Team Culture

We have all heard players and coaches who have just won a big game or a championship talk about the incredible team culture that made them persevere and reach this pinnacle of their careers. They often speak about their team culture with great pride and with an aura of mysticism. 

As a coach you want to create a good team culture, whatever that might be, but it’s probably a team culture that increases the chance of your team winning more games. You’ve read about great teams and great coaches who’ve been able to install a team culture that produced results. Some with many rules for the players, some with less, some teams were driven by the leadership of star players and some teams was a true collective lead by your favorite coach to success.

After all of this talk you hear about team culture and organizational culture you might start wondering what it actually is. What does culture mean? Is it going to the theater, the art museum or going to the game? Your team doesn’t go to the theater every day together, you go to practice to improve and increase the chance of winning the next game.

A wise man once said that culture is everything. He further stated that most people think culture is only what you see (as our example with the theater) but it’s really everything around you, all the time. So if team culture is a specification of culture in general, that means it has to be everything in the context of the team. Since everything is a lot, let’s try to make it a bit more specific.

What this wise man tried to say was that culture is everything that influences the behavior of people. So team culture would be everything that influences the players behavior, how they interact, with each other, staff members and outsiders in the context of being a member of the team. Or in other words “In our team we behave like ‘this’ (whatever that might be)”.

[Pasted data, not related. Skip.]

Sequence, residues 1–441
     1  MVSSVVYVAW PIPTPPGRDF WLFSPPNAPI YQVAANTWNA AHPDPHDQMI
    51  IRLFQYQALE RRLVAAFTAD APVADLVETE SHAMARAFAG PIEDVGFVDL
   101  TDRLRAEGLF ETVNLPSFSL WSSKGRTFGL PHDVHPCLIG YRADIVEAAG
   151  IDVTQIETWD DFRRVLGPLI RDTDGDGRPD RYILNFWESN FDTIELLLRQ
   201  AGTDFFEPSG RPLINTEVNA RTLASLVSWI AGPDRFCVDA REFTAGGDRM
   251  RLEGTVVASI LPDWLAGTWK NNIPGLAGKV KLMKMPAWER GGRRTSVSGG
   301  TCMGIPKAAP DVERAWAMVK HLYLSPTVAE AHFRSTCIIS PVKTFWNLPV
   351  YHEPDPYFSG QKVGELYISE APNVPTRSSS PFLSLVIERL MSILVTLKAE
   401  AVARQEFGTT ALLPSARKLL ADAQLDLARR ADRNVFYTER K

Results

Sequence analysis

But what is it that influences the behavior of your players in your team? Since everything that influences the interactions by your players is your team culture, knowing what these things are gives you the opportunity to influence and maybe even change them, and as a result change your current team culture.

So what will influence your team culture? Let’s start off with some things that are more difficult to influence and end up with what you actually can control as a coach. The country and society that you work in, the origin of your players and their upbringing is something you probably can’t do much about. There’s a certain history and expectations at your club that will influence your team culture along with your organizations way of conducting its business.

You also have influences from the environment around your team, and even though the climate might be hard to change, the facilities where you train and spend most of your time together might be easier to do something about. What you as the coach can most definitely affect however is how you and your staff behave as leaders, making sure that you lead by example to actively promote the behaviors you want in your team culture. 

One thought on “Team Culture

  1. Pingback: Creating a culture

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